Reviews, teamwork drive safety culture, expert says
Safety should be a company’s cornerstone value and not a priority, because priorities change over time and values don’t. Gary Falldin, Trimble’s senior director of industry solutions drove home the message during an Insight webinar on Thursday, saying drivers should not be pushed when they are tired or during bad weather.
Gary Falldin, Trimble’s senior director of industry solutions says drivers must be brought into a company’s safety culture as soon as possible. (Photo: Trimble)
“Nothing we do is worth endangering ourselves and the motoring public,” he said. Avoid phrases like hard-runner and use terms like a good, safe driver.
It should be reiterated to drivers that they have the final say in safety, he added. Falldin said safety and compliance can be established using culture, teamwork, training, and technology. He said a disproportionate number of accidents occur within a driver’s first six months with a carrier, no matter if they are experienced or not.
It is advantageous to bring them into your safety culture as soon as possible, else they will continue with their previous company’s culture. Safety and operations departments’ actions must match their words, and everyone must be on the same page, Falldin said.
Non-driving staff should go through the training that drivers go through, like orientation and in-class sessions. They should also receive weekly messages sent to drivers, so that they see the same words and speak the same language, he said.
Reinforce safe behaviour by recognizing drivers yearly, on milestone years and million miles without accidents. Bring them into the office, congratulate them in front of whole company, Falldin says. “Put their names in your newsletter. Other drivers see that and want to do the same,” he said.
Falldin said safety needs to be operationally driven. Operations involvement is key as they deal with drivers and safety needs to hand information to them. Safety and operations must trust each other, and the teams must be involved in all safety conversations with drivers, he said.
Plans need to be put together in advance and operations must sign off on them.
They must be reviewed regularly as must the results obtained. Scorecards are required for fleet managers and the safety team. Falldin says those who perform well must be recognized and how they achieved good results must be shared with others.
Operations and safety teams should conduct weekly or biweekly meetings that provide an opportunity to share information and training material. Drivers must be offered monthly training and the operations team must be trained before that, so they can answer questions. Keep driver training interactive during orientation, Falldin advises.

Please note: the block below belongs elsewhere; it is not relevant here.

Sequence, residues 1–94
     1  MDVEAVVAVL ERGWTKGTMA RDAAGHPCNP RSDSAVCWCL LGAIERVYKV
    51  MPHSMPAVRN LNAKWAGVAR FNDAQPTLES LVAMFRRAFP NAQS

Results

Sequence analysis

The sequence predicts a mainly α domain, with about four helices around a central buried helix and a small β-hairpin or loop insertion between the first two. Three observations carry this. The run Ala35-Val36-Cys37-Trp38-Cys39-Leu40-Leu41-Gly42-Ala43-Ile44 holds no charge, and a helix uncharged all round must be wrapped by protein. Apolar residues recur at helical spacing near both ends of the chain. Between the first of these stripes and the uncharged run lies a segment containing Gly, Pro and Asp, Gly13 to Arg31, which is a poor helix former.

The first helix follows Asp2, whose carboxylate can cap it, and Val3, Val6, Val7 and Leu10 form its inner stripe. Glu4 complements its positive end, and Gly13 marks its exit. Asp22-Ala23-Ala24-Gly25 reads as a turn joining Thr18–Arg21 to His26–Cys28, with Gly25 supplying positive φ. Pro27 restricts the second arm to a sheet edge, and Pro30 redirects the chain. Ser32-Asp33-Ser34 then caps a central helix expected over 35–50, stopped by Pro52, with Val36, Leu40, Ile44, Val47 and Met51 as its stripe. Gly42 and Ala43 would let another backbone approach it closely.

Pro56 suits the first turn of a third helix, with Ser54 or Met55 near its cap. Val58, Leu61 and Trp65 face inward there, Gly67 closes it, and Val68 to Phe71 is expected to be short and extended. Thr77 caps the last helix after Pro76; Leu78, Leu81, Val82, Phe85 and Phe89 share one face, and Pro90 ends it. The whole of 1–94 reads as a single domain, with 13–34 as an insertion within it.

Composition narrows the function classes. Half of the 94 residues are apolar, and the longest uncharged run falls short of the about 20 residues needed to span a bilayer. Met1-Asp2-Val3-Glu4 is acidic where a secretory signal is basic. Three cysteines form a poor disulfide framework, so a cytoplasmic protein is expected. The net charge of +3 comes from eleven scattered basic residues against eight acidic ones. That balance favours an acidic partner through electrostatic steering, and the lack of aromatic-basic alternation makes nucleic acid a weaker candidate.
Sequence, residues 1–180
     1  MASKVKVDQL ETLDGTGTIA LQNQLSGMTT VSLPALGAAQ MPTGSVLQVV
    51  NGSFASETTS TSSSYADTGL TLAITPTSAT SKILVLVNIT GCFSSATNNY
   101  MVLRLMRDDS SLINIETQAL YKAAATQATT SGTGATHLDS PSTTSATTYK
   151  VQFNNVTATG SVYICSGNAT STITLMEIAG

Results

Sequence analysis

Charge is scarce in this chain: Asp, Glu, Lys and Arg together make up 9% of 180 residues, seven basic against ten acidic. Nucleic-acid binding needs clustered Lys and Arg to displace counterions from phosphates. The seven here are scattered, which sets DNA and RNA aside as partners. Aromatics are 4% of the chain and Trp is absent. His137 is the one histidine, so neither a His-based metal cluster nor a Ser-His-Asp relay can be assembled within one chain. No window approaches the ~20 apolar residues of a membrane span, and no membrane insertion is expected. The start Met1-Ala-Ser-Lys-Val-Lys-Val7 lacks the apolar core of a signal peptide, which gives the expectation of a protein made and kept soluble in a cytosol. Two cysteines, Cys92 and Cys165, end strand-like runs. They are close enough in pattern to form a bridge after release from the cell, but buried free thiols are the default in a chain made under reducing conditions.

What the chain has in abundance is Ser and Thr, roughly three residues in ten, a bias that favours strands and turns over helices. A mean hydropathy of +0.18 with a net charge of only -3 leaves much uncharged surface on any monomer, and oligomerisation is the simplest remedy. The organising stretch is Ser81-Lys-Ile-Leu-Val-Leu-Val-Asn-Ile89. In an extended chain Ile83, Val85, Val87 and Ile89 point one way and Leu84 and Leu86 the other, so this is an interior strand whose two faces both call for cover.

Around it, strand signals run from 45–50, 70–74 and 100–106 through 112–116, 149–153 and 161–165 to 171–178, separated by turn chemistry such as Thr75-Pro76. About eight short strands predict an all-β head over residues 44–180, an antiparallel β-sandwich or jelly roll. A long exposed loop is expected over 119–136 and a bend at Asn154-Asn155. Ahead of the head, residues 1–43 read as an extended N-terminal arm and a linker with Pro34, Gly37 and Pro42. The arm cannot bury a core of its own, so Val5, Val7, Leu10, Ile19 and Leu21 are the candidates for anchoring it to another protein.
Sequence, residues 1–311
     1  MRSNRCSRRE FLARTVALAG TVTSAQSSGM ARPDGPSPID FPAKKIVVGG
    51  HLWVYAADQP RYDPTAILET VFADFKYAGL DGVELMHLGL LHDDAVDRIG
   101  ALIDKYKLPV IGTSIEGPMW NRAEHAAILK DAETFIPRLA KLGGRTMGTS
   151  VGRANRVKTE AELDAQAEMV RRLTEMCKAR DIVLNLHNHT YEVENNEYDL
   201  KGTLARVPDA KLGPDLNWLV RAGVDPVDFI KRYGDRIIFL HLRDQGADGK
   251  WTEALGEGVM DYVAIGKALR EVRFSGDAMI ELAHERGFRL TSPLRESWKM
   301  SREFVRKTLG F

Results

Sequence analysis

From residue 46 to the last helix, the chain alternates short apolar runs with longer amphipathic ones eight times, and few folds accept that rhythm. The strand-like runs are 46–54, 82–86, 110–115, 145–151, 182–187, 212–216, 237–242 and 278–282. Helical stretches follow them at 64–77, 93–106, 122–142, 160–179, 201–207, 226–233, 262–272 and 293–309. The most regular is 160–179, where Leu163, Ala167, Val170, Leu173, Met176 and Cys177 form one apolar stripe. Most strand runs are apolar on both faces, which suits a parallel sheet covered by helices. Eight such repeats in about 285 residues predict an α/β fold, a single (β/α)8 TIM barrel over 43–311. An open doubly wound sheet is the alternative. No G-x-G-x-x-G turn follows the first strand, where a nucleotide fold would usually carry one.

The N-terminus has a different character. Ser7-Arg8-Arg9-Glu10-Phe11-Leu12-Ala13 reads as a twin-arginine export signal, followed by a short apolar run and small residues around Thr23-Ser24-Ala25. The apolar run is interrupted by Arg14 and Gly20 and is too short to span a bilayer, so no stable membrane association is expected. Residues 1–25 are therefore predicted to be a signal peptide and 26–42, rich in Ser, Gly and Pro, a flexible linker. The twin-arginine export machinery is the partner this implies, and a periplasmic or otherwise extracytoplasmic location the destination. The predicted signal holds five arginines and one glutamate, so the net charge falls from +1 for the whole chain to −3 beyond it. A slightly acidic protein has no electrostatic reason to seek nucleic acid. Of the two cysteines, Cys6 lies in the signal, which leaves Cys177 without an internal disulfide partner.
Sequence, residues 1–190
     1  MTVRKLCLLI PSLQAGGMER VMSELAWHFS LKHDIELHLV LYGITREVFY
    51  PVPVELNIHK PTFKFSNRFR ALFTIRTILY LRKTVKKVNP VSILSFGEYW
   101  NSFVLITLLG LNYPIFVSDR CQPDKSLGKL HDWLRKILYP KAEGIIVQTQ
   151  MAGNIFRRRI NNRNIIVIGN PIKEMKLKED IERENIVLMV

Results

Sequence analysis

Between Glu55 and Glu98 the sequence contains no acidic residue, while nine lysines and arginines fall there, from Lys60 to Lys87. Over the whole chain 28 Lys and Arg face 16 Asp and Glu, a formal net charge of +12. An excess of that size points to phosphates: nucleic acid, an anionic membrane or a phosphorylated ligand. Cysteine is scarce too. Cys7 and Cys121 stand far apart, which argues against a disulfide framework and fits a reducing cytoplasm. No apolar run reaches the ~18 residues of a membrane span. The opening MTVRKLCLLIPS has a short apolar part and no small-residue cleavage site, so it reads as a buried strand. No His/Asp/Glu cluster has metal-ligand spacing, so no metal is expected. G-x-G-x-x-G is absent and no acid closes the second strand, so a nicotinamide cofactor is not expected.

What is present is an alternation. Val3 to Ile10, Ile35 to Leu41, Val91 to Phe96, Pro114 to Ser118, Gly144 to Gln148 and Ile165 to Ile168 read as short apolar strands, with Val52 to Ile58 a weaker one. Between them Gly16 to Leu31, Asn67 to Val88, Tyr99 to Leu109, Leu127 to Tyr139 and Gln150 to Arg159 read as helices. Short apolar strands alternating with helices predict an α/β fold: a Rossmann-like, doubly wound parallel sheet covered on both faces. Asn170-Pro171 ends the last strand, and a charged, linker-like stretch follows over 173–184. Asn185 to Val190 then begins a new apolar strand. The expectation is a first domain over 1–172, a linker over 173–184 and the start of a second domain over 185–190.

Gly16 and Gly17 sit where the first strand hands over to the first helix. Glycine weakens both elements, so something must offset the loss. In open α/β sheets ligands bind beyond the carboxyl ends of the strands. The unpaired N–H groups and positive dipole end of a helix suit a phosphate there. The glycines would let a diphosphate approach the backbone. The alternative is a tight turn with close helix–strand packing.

Quizzes at the end are a great way to get people to pay attention, he said. Use the time you have with a driver before and during a road test to reinforce a carrier’s safety standards, he said.
When a driver starts at a company, conduct weekly safety reviews for the first five weeks. After that, hand the driver over to a safety advisor.
The advisor can build a relationship with the driver over the next 45 days, Falldin said. For all other drivers, conduct monthly training, Falldin said. It should be on a relevant topic, five to 10 minutes long and have a quiz at the end.
He prefers short periods of training during the year rather than one long session. An annual in-depth training must be also held, preferably right before winter, lasting about a couple of hours, he said. A short safety message should be sent to drivers weekly.
Let them know about accidents and violations in the company and recognize safe driving. Always leave them with a safety tip, for example, lean over when making a right lane change. A good remedial training process will help retain drivers in this high turnover environment, he said.
A driver may have got into an accident due to a skill issue or a poor safety attitude. Skill issues can be fixed, attitude can’t, he said.
Falldin believes technology has helped drivers with safety. Active technology like collision mitigation has saved countless lives.
It is how you sell drivers on technology, ensuring they accept it. He said with cameras, he told drivers it would help them if they were in an accident. Collision mitigation, roll stability, blind spot detection and automatic transmissions help drivers concentrate on driving, he said.
He added that drug testing is also an important part of ensuring safety.
Falldin said getting a safety culture ingrained in a company from scratch takes about year.
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